Promoting him as the new leader of Al-Qaeda, several web sites loyal to Al-Qaeda present Hamza bin Laden as a rising star who will inspire the next generation of jihadists and infuse the group’s arteries. Through recent years Hamza bin Laden has issued voice and video messages urging supporters of the group to attack the US and its allies in retaliation for his father’s death.
In the same context, the observatory of “Takfiri fatwas” translated into “Extremist Views” of the Dar Al-Ifta, the highest religious institution in Egypt, recently released a report on the changing stages experienced by “Al-Qaeda” since the 911 attacks in 2001.
The observatory noted that the organisation succeeded in dealing with the variables of the stage in such a way that kept it present until now without being eliminated.
The observatory added that Al-Qaeda after the September 11 attacks continued to present itself on the ground as the vanguard of extremist organisations and does not seek to establish an “Islamic Caliphate” in the short term, and therefore it adopted several methods aimed at staying as coherent as possible, by providing capabilities and channelling fighters.
The report pointed out that Al-Qaeda has divided the new followed methods into several stages. After the September 11 attacks, the organisation found it difficult to recruit fighters. Subsequently, this forced it to be dependent on the network of relations in the areas where it is deployed, in addition to relying on supporters abroad to carry out terrorist operations such as the Madrid and London attacks in 2004 and 2005.
Al-Qaida worked on a plan based on the fact that each of its groups was responsible for a particular region, ie, it followed a pattern of “decentralisation”, which indicates that the organisation has left these groups to operate individually, while maintaining the idea of “uniting Muslim society” through the destruction of current societies and the establishment of other alternative societies, which it regards as the real targeted society according to their ideas.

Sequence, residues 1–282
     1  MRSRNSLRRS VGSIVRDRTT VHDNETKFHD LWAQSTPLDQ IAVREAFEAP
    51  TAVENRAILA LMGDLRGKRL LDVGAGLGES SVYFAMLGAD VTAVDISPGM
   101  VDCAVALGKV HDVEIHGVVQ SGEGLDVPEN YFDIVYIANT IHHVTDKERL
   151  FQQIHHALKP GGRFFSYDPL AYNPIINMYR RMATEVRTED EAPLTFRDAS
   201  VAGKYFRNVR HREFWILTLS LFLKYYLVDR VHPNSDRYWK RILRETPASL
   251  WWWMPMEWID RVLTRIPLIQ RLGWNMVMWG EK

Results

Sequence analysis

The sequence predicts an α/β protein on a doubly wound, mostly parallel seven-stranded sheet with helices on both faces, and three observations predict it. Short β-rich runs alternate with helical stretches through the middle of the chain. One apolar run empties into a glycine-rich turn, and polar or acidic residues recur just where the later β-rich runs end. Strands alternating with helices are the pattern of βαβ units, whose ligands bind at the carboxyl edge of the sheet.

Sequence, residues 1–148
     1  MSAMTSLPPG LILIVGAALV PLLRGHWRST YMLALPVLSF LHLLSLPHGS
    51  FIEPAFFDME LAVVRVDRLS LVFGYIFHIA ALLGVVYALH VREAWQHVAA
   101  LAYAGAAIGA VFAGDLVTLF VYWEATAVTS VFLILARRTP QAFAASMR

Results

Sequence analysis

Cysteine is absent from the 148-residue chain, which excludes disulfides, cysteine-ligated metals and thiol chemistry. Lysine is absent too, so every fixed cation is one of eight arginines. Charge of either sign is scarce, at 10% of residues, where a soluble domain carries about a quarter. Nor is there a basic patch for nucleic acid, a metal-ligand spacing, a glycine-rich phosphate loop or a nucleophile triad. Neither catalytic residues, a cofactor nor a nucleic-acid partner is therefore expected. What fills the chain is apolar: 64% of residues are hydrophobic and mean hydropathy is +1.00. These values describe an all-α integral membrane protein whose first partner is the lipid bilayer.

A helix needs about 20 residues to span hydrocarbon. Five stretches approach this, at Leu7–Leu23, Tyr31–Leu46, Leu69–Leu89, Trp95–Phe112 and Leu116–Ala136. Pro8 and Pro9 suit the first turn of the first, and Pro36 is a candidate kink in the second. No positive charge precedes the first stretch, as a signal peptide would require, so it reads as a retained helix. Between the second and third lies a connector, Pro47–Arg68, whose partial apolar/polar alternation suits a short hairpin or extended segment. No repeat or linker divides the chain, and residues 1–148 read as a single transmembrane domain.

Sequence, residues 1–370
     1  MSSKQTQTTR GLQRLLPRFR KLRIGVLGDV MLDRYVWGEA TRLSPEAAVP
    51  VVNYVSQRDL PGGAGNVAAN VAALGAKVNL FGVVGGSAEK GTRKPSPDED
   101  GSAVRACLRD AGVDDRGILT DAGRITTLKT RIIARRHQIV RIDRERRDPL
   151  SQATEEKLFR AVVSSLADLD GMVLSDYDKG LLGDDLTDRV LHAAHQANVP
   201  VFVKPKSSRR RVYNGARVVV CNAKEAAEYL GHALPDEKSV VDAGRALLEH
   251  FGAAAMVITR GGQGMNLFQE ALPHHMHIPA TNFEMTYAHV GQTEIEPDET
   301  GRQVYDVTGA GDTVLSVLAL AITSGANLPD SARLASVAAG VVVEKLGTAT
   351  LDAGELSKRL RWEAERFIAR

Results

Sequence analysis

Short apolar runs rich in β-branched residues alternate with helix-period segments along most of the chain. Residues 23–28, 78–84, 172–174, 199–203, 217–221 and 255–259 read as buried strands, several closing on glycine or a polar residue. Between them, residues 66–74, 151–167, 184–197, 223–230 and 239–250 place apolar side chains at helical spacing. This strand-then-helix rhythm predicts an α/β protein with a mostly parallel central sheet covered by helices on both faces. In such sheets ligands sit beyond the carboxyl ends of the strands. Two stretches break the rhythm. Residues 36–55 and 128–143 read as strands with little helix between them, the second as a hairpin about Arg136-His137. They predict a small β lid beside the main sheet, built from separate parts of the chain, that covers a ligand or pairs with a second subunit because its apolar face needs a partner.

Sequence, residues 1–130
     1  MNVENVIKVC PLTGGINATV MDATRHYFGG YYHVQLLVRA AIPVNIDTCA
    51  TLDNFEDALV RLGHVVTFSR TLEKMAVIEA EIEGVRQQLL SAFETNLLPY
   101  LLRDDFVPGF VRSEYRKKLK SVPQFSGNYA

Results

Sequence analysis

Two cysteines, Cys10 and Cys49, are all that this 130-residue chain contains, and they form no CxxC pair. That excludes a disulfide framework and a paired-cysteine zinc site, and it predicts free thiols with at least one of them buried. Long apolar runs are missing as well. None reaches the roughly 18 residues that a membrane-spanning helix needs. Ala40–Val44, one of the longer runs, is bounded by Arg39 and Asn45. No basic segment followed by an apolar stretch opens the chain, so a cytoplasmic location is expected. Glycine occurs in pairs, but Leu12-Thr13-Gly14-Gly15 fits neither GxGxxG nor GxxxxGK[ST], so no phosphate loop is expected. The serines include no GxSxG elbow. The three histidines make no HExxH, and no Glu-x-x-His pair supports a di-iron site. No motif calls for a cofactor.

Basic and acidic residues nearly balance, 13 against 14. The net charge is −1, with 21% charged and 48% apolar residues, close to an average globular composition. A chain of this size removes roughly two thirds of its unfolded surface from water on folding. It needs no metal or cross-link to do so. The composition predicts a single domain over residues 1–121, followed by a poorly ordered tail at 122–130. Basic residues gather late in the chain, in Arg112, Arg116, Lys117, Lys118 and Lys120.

The report said that Al-Qaeda worked to change its speech after 2011, where it tried to put forward and use new terms that were not used in its speech like the ‘nation,’ and abandoned the superstitious speech that was communicated through its publications, whether visible or written, provided that the speech is far from enforcing its ideology. This came as Zawahiri believed that Muslims should learn “right first” according to their extremist beliefs.
The observatory’s report pointed out that the waves of change in the group’s ideas led it to focus on targeting Muslims through speech and governments via the intensification of terrorist operations against security forces and others. The people’s strategy was fully evident when Zawahiri announced it must first work to mobilise the masses.
The report added that with the rise of the IS in late 2013, this led to a partial competition between the two organisations, where Al-Qaeda focused its operations on the “near enemy,” while the IS worked to focus its operations on the “remote enemy”.
According to the report, Al-Qaeda relied on non-intensification of external operations, worked to avoid security prosecutions, and left the stage for IS and its elements to be vulnerable to security targeting, as the Al-Qaeda strategy is based on ‘intellectual deployment’ and not on the basis of geographical control.
The observatory concluded the report by noting that although Al-Qaeda has recently retreated and the terrorist scene topped the IS, especially after the strikes that rocked Al-Qaeda, such as the killing of Hamza bin Laden and the conflict between him and Zawahiri over the leadership of the organization, however the organisation may return on the ruins of the IS, in an attempt to exploit all the gaps.